## Tuesday, March 11, 2014

### Probability Adventures in Math Class

We have started a new mini-theme in math class, one that is always hugely popular with the students. We will practice our data collection and probability skills by reading stories, classroom activities, and lots of partner games.

Probability is not normally taught to very young children in most math programs, as the emphasis is usually on operations and fact fluency. "As with other beautiful and useful areas of mathematics, probability has in practice only a limited place in even secondary school instruction" (Moore, 1990). However, this type of reasoning is essential in daily life, and is an example of real-life math. I gave a very current example this morning when we talked about our busy meteorologists, and the odds or chances of precipitation. While some weather reports are saying 6 inches of snow by tomorrow afternoon, and others are saying more like 11 inches, we talked about how the chances of "some snow" were very high. The chances of a meteorologist being always exactly right were quite low. Genetics, politics, sports, and insurance policies are other examples of times that probability come into play.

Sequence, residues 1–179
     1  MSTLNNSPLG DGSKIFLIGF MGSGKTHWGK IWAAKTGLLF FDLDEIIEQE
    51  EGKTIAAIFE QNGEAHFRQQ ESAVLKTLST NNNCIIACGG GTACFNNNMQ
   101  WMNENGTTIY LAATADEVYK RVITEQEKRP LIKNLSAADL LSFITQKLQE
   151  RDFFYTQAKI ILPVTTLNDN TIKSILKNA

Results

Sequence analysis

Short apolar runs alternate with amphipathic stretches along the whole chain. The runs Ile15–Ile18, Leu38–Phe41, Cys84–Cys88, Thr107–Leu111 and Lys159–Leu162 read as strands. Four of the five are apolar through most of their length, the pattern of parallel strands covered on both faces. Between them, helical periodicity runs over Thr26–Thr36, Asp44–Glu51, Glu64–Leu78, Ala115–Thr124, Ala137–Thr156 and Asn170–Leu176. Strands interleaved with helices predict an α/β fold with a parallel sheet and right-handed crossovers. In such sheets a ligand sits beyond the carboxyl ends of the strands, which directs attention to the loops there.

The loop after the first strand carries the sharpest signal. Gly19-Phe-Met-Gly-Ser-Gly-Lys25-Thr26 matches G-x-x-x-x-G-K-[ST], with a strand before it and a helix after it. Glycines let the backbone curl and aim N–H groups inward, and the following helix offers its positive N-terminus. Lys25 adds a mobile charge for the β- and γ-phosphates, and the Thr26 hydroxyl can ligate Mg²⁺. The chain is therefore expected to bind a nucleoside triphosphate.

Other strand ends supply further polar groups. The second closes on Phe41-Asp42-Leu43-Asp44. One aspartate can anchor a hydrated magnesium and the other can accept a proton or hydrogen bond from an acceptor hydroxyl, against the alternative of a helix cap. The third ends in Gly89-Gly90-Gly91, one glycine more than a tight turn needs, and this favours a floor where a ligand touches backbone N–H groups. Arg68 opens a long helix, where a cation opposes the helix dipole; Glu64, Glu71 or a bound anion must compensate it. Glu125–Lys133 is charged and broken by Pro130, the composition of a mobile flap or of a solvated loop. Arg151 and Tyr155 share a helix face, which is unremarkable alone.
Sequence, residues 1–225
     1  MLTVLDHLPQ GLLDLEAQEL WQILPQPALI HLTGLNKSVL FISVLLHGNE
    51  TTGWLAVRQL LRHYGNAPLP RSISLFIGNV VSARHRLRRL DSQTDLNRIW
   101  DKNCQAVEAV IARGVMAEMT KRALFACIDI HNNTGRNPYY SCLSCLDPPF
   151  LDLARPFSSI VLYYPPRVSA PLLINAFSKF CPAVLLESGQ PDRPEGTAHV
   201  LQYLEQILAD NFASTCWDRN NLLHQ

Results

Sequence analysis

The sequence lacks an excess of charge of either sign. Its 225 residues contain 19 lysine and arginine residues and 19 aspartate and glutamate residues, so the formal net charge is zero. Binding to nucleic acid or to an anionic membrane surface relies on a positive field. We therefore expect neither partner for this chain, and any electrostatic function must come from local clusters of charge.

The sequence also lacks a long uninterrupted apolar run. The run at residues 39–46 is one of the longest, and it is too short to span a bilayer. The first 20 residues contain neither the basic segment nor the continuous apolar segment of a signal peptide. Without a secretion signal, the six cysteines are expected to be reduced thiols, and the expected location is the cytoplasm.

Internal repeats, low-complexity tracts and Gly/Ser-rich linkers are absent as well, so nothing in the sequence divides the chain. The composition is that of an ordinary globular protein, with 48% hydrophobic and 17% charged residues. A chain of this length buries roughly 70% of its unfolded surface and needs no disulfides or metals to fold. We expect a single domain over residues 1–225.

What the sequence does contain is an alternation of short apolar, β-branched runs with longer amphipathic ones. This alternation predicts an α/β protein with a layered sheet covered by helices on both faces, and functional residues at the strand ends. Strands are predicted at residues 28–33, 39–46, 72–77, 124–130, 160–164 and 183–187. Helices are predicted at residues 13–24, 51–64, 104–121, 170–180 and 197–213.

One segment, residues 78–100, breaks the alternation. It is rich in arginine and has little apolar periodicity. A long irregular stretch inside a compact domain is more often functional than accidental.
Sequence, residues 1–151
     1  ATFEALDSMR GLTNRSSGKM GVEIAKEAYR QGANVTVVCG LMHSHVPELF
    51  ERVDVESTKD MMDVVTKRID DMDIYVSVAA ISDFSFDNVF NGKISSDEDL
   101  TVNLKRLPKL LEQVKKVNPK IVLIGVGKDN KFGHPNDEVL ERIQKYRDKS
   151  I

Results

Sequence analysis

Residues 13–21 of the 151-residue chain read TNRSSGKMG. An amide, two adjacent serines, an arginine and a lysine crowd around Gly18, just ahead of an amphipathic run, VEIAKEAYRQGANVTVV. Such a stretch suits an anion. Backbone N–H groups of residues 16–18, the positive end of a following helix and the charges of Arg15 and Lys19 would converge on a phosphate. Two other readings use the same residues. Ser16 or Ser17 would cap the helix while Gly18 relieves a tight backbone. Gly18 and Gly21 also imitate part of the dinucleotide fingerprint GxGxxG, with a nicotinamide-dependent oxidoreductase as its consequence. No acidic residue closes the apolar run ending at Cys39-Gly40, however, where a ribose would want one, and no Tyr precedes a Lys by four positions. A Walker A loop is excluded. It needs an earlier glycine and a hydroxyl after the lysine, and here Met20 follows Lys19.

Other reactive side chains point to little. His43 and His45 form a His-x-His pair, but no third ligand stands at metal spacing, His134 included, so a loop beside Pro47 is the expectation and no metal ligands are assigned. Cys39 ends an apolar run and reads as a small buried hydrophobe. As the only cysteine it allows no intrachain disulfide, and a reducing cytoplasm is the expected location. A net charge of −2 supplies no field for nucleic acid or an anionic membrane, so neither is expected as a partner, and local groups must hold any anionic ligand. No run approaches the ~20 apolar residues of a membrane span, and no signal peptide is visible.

Here is an example of an activity we do in class, to practice making predictions and figuring out probability. Partners were given a dime and a penny, a cup, and a recording sheet. They took turns shaking the coins and recording heads/tails on each coin. Partner A got a point each time two heads or two tails came up. Partner B got a point each time the coins were different (one heads and the other tails). We talked about whether this was a "fair game". After playing a couple times, students added their data to the board, and we discussed the results. (Of course, the four outcomes were not exactly the same, but most students could be convinced that they were very close, and would become closer with a larger sample.) More experienced students were able to articulate that there was a 1 out of 4 chance of getting any of the combinations, and a 1 out 2 chance (or 50-50) of getting either both coins being the same, or both coins being different.

We also started playing the great game of PIG. More about that, with a link to instructions of a home version, in a future blog.